Complete remarks are here.


Wall Street Journal Law Blog

Thursday, June 14, 2012

"Redemption" Bill for Felons Passes Ohio House

In a bipartisan effort to help Ohioans with criminal records to find jobs (and thus avoid recidivism), the Senate and House have passed the "collateral sanctions" bill, which reduces the number of post-conviction sanctions offenders face, including being ineligible for certain occupational licenses.

The bill will affect almost 2 million Ohioans and is expected to be signed by Gov. Kasich.

S.B. 337

H.B. 524

Columbus Dispatch

Dayton Daily News

Tuesday, June 12, 2012

Girlfriend Sentenced for Harboring "Whitey" Bulger

Catherine Grieg, girlfriend of James "Whitey" Bulger, was sentenced to eight years in prison today, for identity fraud and harboring a fugitive.  The couple lived for sixteen years in Santa Monica before their capture in June 2011. 

Bulger faces murder and racketeering charges.  Trial is set for November of this year.


Los Angeles Times

Sentencing Law and Policy

Monday, June 11, 2012

Moritz Grad Confirmed for Federal Judgeship

The U.S. Senate recently confirmed Jeffrey Helmick, a Toledo attorney and Moritz grad, as a judge for the U.S. District Court for the Northern District of Ohio. President Obama nominated Helmick a little over a year ago. See coverage in the Toledo Blade and a record of the confirmation vote at and the U.S. Senate website.

Friday, June 08, 2012

U.S. Supreme Court Justice Approval

While it still fares much better than the legislative branch, a recent New York Times/CBS News poll indicated that the U.S. Supreme Court's popular approval rating has dipped to 44 percent. According to a New York Times article about the poll, the court's rating has declined over the past quarter-century from a high of 66 percent in the late 1980s. Predictably, many of the comments to the article reference Citizens United.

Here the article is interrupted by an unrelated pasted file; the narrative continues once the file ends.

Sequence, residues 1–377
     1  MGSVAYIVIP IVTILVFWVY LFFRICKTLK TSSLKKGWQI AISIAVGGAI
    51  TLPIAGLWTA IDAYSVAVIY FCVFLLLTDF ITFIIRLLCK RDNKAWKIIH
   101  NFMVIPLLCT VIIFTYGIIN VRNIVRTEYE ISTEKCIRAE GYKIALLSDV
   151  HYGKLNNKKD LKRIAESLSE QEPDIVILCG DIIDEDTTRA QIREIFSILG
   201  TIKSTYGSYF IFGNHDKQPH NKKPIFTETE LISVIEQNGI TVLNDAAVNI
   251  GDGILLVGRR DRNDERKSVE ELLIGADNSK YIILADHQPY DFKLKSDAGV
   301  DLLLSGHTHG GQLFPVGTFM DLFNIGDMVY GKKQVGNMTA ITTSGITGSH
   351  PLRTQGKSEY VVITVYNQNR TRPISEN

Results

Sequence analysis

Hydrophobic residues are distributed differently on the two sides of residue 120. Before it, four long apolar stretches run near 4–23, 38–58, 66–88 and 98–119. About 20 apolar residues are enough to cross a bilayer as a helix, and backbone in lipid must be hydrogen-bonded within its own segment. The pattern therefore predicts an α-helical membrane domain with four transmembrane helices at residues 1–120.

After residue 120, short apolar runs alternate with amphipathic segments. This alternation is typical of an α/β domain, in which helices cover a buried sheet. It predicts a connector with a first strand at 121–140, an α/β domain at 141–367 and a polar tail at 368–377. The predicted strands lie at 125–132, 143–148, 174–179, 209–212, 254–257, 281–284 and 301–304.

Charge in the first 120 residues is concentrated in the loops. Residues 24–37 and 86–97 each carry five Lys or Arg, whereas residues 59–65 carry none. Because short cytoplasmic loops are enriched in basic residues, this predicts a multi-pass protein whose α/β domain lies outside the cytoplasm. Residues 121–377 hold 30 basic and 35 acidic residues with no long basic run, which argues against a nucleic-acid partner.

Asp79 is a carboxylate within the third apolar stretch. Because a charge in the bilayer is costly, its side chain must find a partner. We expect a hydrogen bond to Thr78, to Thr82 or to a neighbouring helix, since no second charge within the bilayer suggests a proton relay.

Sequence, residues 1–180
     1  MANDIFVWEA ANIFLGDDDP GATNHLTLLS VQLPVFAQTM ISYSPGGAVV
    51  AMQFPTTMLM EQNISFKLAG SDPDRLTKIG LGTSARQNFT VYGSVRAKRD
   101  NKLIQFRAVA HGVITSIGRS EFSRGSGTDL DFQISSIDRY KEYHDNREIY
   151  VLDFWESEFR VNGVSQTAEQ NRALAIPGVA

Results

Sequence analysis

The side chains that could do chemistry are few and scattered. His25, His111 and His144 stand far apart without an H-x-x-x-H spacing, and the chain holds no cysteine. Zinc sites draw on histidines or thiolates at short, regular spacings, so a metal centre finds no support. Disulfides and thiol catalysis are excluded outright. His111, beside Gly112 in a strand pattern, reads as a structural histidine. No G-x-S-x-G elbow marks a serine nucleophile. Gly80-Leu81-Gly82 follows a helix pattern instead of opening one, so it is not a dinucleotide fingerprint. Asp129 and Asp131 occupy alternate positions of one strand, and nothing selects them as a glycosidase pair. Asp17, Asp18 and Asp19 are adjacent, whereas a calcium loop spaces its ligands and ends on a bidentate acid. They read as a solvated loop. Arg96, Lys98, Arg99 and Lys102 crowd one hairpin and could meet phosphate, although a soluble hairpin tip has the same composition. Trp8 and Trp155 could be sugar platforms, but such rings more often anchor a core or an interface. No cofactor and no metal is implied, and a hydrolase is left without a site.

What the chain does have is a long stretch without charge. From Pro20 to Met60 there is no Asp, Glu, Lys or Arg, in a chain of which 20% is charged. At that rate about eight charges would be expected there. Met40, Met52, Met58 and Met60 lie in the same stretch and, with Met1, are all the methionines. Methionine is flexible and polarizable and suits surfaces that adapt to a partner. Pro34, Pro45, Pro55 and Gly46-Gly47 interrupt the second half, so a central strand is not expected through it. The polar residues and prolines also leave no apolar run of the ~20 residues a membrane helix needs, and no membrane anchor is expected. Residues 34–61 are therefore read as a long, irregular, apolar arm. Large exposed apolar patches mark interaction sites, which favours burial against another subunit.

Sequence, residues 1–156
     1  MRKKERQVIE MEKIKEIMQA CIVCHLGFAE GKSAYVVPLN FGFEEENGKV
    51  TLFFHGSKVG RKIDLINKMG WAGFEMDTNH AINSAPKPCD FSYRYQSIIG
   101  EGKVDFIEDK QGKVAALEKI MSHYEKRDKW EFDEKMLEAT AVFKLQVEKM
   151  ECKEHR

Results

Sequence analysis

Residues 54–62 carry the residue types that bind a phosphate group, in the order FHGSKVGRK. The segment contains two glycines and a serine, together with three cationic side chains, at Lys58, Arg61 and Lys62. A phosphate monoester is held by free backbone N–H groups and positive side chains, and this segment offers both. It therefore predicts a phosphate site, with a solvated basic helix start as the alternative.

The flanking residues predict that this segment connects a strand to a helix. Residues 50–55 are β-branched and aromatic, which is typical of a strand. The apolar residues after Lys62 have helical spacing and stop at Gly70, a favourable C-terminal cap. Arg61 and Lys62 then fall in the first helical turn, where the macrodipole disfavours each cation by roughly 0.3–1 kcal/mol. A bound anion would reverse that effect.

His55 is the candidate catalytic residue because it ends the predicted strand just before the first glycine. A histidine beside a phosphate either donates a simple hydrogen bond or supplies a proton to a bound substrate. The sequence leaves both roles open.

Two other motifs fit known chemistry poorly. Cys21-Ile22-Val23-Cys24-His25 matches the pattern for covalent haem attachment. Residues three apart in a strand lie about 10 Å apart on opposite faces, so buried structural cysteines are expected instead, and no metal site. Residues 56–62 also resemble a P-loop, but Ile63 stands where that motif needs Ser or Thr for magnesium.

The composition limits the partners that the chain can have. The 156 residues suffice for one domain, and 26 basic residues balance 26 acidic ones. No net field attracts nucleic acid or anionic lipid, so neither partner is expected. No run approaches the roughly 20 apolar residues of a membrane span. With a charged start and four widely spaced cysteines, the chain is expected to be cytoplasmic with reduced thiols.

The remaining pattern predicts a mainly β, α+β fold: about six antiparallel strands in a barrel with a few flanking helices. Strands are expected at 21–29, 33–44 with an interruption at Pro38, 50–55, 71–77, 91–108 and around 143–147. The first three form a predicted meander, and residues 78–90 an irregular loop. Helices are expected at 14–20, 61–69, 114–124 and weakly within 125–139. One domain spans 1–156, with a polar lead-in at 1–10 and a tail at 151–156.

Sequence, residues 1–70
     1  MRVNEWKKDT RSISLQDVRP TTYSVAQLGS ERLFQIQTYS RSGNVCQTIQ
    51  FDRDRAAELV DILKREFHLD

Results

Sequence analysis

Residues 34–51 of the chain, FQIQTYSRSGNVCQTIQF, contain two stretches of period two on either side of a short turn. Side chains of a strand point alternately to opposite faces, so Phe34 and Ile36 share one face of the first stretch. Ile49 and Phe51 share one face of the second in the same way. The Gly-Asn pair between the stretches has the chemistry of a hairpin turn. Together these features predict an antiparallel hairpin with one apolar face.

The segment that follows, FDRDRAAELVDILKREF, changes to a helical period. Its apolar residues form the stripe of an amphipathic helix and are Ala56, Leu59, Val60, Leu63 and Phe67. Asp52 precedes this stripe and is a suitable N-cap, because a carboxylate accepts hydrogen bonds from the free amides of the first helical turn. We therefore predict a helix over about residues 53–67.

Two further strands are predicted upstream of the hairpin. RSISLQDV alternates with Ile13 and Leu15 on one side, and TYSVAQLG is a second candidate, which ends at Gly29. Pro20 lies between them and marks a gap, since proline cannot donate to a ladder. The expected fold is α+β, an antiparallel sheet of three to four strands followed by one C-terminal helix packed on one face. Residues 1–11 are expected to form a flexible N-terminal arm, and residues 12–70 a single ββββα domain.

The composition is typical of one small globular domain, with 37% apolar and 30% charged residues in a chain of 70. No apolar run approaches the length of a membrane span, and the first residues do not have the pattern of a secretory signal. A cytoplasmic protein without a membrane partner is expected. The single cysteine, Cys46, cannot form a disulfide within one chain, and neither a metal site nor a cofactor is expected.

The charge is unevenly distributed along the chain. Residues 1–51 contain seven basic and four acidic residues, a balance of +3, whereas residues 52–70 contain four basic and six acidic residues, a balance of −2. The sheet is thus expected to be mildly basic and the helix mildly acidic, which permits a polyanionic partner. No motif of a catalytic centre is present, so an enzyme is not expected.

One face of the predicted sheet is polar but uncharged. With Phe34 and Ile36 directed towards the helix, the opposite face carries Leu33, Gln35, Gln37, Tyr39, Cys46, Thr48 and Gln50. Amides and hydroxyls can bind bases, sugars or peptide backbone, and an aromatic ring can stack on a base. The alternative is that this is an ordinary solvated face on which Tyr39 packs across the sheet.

Thursday, June 07, 2012

Exotic Animals Bill Signed

We have written in the past about the exotic animals legislation that was introduced in the wake of the Zanesville tragedy last October, in which dozens of wild animals were let loose before their owner committed suicide.

On Tuesday, Gov. Kasich signed the bill into law.  It will take effect 90 days from signing.

Columbus Dispatch

Mansfield News Journal

The Human Society

Monday, June 04, 2012

Most-Cited Law Review Articles

Fred Shapiro and Michelle Pearse, law librarians at Yale and Harvard, respectively, have published a study of the most-cited law review articles of all time.  Published in the Michigan Law Review, the study lists the top 100 articles by number of citations.  The top five are:

1.  R.H. Coase, The Problem of Social Cost, 3 J.L. & Econ. 1 (1960).

2.  Samuel D. Warren & Louis D. Brandeis, The Right to Privacy, 4 Harv. L. Rev. 193 (1890).

3.  3138 O.W. Holmes, The Path of the Law, 10 Harv. L. Rev. 457 (1897).

4.  Gerald Gunther, The Supreme Court, 1971 Term—Foreword: In Search of Evolving Doctrine on a Changing Court: A Model for a Newer Equal Protection, 86 Harv. L. Rev. 1 (1972).

5.  Herbert Wechsler, Toward Neutral Principles of Constitutional Law, 73 Harv. L. Rev. 1 (1959).

More on the newest entry in the field of "citology":

Wall Street Journal

ABA Journal

Friday, June 01, 2012

OSU Commencement Addresses

The Ohio State University Archives has made available online the text of many of the university commencement addresses over the years. Some of the speakers have Moritz College of Law connections, including distinguished alumni William B. Saxbe (1975 speech), Robert M. Duncan (1979 speech), and Yvette McGee Brown (2009 speech), as well as current Moritz College of Law professor Deborah Jones Merritt (2004 speech). Browse the lists for former U.S. Presidents and other well-known figures such as one Elwood Gordon Gee (1991 and 1997 speeches).